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Twitter Will Now Let Birdwatch Contributors Use Aliases in Their Reports

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Twitter has added a new option to its ‘Birdwatch’ crowd-sourced misinformation detection program, with Birdwatch contributors now able to issue reports under an alias, via Twitter’s randomly-generated, bird-related identities.

Birdwatch enables Twitter users who are part of the program to add notes to questionable tweets, potentially helping to flag misinformation or other forms of harmful content. Using this expanded pool of reports, Twitter’s looking to advance its efforts to stamp out dangerous content, and keep ahead of misuse, which its detection systems otherwise might miss.

Twitter Birdwatch aliases

And as you can see here, now, for those looking to take part in the Birdwatch program, they’ll be able to list their input under, say ‘Terrific Cavern Canary’ instead of their actual @handle, which could help people feel more comfortable in such reporting.

As explained by Twitter:

“We know that not everyone feels comfortable contributing under their @handle. From our most active contributors to prospective participants, people overwhelmingly voiced a preference for contributing under aliases.”

Which makes sense – you don’t want to inadvertently become the focus of ire of some web crackpot as a result of your Birdwatch reports, which would no doubt play at least some part in how contributors currently post, or don’t, when they find questionable reports.

Twitter also notes that this preference was strongest among women and black contributors, while research has also shown that aliases have the potential to reduce bias, by putting more focus on the content of each note, not the author of such.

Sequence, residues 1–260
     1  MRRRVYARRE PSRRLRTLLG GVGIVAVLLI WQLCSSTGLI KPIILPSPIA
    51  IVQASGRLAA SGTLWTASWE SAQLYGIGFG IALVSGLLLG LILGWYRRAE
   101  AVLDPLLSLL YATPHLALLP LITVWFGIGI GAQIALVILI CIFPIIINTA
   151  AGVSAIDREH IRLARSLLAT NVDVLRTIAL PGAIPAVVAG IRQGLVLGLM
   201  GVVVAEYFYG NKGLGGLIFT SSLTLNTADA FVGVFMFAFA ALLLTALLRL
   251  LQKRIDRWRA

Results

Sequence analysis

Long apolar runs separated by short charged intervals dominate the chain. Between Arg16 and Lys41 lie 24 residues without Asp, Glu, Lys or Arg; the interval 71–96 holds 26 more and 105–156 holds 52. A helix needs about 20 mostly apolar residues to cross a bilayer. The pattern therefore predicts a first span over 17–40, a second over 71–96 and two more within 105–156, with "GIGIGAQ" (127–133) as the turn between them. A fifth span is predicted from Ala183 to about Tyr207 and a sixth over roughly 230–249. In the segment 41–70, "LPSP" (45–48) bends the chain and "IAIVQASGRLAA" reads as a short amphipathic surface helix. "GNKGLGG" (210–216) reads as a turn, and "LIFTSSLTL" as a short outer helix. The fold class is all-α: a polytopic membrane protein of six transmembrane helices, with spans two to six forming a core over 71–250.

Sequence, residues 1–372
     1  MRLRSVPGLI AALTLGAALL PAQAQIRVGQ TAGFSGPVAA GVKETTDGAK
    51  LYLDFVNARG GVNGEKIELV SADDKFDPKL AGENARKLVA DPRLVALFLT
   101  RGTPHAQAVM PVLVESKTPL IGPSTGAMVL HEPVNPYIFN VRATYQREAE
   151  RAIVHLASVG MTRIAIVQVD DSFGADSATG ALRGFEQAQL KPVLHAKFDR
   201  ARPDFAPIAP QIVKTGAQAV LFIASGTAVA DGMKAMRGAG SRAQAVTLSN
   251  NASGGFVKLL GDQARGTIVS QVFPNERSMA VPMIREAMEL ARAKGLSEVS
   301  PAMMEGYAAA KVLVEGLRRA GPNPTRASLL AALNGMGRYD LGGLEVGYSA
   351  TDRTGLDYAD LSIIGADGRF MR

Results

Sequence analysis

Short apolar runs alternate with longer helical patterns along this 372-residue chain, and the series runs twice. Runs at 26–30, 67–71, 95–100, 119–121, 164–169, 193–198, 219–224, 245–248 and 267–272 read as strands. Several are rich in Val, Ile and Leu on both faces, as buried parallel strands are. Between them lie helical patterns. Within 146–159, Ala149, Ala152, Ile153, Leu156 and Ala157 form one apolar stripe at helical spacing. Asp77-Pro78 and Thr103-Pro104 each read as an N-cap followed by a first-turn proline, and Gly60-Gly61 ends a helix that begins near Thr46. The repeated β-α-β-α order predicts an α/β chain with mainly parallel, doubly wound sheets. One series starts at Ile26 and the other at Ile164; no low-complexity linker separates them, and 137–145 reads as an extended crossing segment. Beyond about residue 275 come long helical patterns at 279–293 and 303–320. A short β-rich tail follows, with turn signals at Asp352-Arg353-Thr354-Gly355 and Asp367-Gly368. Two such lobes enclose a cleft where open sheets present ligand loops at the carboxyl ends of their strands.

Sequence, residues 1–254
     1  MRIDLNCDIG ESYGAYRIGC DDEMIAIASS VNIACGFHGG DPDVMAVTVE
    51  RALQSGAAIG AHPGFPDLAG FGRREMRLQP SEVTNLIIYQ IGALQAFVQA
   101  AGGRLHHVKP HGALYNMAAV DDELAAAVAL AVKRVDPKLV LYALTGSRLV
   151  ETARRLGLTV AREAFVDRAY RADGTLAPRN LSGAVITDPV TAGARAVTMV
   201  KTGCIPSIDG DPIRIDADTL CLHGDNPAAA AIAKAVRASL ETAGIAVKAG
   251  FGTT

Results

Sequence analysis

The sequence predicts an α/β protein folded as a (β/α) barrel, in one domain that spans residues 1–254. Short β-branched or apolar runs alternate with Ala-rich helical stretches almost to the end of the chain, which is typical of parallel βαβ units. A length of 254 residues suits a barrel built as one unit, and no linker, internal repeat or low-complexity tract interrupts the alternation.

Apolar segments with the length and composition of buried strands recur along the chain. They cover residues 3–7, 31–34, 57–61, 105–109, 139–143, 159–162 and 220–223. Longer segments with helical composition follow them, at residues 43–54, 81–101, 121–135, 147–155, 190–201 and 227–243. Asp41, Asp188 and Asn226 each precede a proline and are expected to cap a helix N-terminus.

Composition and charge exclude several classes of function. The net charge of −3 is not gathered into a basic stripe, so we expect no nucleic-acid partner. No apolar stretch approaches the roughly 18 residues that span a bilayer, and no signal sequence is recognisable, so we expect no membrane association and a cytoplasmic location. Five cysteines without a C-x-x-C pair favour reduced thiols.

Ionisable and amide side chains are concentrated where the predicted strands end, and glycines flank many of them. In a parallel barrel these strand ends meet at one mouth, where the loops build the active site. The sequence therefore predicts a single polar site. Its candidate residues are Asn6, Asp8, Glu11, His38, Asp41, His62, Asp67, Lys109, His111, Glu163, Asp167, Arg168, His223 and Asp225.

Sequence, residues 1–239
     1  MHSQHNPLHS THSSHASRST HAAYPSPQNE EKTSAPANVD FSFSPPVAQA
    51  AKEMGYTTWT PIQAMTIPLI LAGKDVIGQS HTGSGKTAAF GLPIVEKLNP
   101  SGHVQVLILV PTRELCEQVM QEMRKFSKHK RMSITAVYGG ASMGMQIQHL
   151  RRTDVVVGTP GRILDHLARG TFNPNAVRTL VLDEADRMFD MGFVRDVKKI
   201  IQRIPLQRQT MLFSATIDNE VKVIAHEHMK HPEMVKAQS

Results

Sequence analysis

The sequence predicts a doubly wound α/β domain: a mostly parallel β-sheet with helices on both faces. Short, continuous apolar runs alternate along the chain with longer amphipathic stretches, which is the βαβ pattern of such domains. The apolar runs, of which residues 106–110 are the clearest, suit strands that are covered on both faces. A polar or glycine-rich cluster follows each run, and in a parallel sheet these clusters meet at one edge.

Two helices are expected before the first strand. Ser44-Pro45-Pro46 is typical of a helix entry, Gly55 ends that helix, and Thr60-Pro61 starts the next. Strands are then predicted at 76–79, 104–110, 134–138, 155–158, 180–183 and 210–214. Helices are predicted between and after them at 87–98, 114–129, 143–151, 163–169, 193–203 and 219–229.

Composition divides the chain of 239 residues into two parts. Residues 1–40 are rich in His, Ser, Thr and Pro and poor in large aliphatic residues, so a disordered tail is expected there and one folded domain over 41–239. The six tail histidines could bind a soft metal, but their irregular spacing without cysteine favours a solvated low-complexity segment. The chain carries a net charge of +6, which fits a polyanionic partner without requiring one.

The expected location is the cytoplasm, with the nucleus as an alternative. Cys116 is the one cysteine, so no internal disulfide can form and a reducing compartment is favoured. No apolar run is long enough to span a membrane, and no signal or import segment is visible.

In addition to this, Twitter says that it’s also rolling out Birdwatch profile pages, which will make it easier to see each contributors’ past notes and alerts, so there will be a way to track activity, even without the users’ real @handle assigned to each report.

It’s a small, but valuable addition to the Birdwatch process, which could help to see more user reports issued, while also still facilitating full transparency on their past reports, in case someone might be looking to misuse the option to falsely flag tweets.

It’s still too early to say whether Birdwatch will prove valuable. The concept has merit, in broadening the pool of potential monitors of questionable tweet content, but how insightful, and valuable, such reports will be is another consideration, as well as potential misuse or misunderstanding of the process.

But it could prove to be a valuable addition to the broader detection scope of the platform, and alias accounts may well be a key function that will broaden usage.

Birdwatch is currently only available in the US – you can find more information on the program here.

Socialmediatoday.com

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Google Launches New Add-On Prompts to Guide Discovery in Search

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Google Launches New Add-On Prompts to Guide Discovery in Search

With AI technology advancing, and changing the way that people use various apps by providing more recommendations and suggestions in process, Google has today announced a new update for Search which will provide related topics to help refine your query as you go.

As you can see in these examples, now, Google will provide a listing of related topics within your Search results, providing an easy way for users to simply tap on each and hone their results.